Nearing the half way point, I was ok one minute and suddenly not ok. I felt tired, sore, weak and didn’t want to be there – and this feeling lasted for about 20 km. At the end of the first lap you ride back into town and there are crowds lining the barricades, cheering and yelling and it usually lifts your spirits and makes you feel like a hero . . . usually. This year I felt so bad that I wanted to be on my own instead of the focus of thousands of people’s attention. The funny thing was that as soon as I rode back out of town on the second lap, straight into a headwind, I started to feel good again and was fine for the rest of the ride. It’s amazing the impact of your nutrition and hydration in an Ironman race – if you don’t get it spot on you ride a rollercoaster of highs and lows, probably reflecting the peaks and troughs of your blood sugar levels. The good thing about the race at this stage though was that I finished the 180kms more strongly than I started it – hopefully this was a good omen for the run.
End result of the bike – 5 hours 39 minutes – 6 minutes slower than last year but a windier day.
RUN 42.2k (2 laps of 21.1k)
Into the bike/run transition tent, off with my helmet, on with my shoes and socks, grab my flask of carbohydrate gel and I’m out of here.
Yet again this year, as I run the first few hundred metres the arch of my right foot is cramping and I’m limping along, looking like I’m going to drop at any moment. The good thing with doing a few of these races over the years is that you learn from experience, and you begin to feel like you know what you are doing. I knew the cramp would go within a few minutes and I wasn’t wrong. And then I realised how awesome I felt – but also that I still had 40kms to run and the feeling wouldn’t last.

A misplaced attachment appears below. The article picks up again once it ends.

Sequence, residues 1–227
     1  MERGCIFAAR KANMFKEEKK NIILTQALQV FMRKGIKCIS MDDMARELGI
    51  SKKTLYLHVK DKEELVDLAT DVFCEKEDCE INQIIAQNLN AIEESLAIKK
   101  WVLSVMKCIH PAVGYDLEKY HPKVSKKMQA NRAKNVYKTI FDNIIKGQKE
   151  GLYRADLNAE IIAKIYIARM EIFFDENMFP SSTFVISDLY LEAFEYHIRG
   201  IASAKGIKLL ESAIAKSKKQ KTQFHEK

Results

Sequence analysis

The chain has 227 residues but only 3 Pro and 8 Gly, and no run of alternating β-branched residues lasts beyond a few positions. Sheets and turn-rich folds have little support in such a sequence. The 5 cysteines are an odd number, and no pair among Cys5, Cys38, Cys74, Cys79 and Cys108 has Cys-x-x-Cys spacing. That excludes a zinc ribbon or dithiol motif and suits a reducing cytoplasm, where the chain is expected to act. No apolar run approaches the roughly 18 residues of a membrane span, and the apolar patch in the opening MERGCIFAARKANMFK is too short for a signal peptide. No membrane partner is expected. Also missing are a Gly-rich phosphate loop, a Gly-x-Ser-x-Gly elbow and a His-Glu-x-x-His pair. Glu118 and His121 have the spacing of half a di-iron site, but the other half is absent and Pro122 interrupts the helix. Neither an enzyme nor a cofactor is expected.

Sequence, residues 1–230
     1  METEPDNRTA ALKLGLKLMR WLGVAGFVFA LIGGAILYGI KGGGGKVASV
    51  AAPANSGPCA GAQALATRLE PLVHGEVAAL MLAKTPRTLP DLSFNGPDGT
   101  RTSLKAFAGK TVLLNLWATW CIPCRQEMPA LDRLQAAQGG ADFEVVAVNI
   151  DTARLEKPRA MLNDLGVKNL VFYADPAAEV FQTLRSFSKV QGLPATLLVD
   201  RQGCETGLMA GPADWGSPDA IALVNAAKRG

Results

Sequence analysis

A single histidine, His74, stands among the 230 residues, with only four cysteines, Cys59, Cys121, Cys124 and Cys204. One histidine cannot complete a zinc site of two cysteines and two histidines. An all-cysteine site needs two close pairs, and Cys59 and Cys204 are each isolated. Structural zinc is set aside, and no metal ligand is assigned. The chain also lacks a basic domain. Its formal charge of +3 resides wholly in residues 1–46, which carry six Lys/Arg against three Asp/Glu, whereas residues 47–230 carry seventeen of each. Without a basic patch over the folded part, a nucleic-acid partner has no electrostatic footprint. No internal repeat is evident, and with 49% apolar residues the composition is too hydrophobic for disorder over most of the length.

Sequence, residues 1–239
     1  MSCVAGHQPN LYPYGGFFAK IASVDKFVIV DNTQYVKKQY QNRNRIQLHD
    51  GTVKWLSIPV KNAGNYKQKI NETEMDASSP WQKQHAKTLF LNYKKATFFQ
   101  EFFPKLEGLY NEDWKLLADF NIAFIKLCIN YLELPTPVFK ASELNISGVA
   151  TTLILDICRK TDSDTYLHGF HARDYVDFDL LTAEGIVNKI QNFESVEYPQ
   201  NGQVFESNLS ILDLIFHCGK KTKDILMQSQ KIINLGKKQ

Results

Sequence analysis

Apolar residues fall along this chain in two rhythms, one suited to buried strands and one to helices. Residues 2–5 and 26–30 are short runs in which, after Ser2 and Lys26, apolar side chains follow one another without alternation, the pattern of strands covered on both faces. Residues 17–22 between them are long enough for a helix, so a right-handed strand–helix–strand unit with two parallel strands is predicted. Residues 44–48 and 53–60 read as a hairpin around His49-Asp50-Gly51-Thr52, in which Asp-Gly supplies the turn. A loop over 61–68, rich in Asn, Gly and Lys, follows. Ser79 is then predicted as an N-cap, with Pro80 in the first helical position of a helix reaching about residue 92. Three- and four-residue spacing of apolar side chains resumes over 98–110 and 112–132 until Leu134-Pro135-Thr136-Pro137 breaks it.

An Ironman day isn’t a comfortable day. You get beaten up in the swim for over an hour. You spend 5 ½ hours on your behind on the bike, riding over pot holes and urinating down your leg. Then you run for 42kms, 35 of those kilometres covered in sticky carbohydrate gel because you didn’t close the lid properly on your gel flask early in the marathon. Brilliant, not only uncomfortable but facing a major bonk (sugar low) if I didn’t get enough carbohydrates now I’d lost most of my gel.
The good news was I started to get a stitch. This was good only because it meant I couldn’t stomach more gel anyway so that problem was solved. The problem I was left with was having to keep on running while trying to avoid a full-on stitch and drinking enough coke and electrolyte drink at the aid stations to provide my body with enough carbs to get me to the finish line.
I can’t say I successfully managed to do this. I kept running, I kept getting slower, I kept getting passed by people in the last few kilometres. But I got to that @#$%ing finish line and looked up at the finish clock – 10.24.05 – a 13 minute improvement on 2002. Hey, I think I ran pretty quick (3hours 39 minutes – 20 minutes faster than last year) was all that went through my mind, apart from the relief that I could now stop racing. Now, which way to the massage tent??
Hernia Surgery ($$$$)
One week after the race, the muscle soreness has faded, the pain of trying to sit down, get up, walk, etc. that lasts for a few days after the race but it’s a nice pain, a bit like a medal of honour. It’s proof of how hard you pushed in the Ironman.
I’m now in hospital, I’ve just come out of the general anaesthetic, I’m groggy but I can feel it, the pain is back, it hurts trying to sit down, get up, walk, cough, sneeze, laugh. Yeah, great, this isn’t a nice pain, there’s no satisfaction in it. And I’m basically sick of hurting now.
Nurse, get me some Pethadine!!!!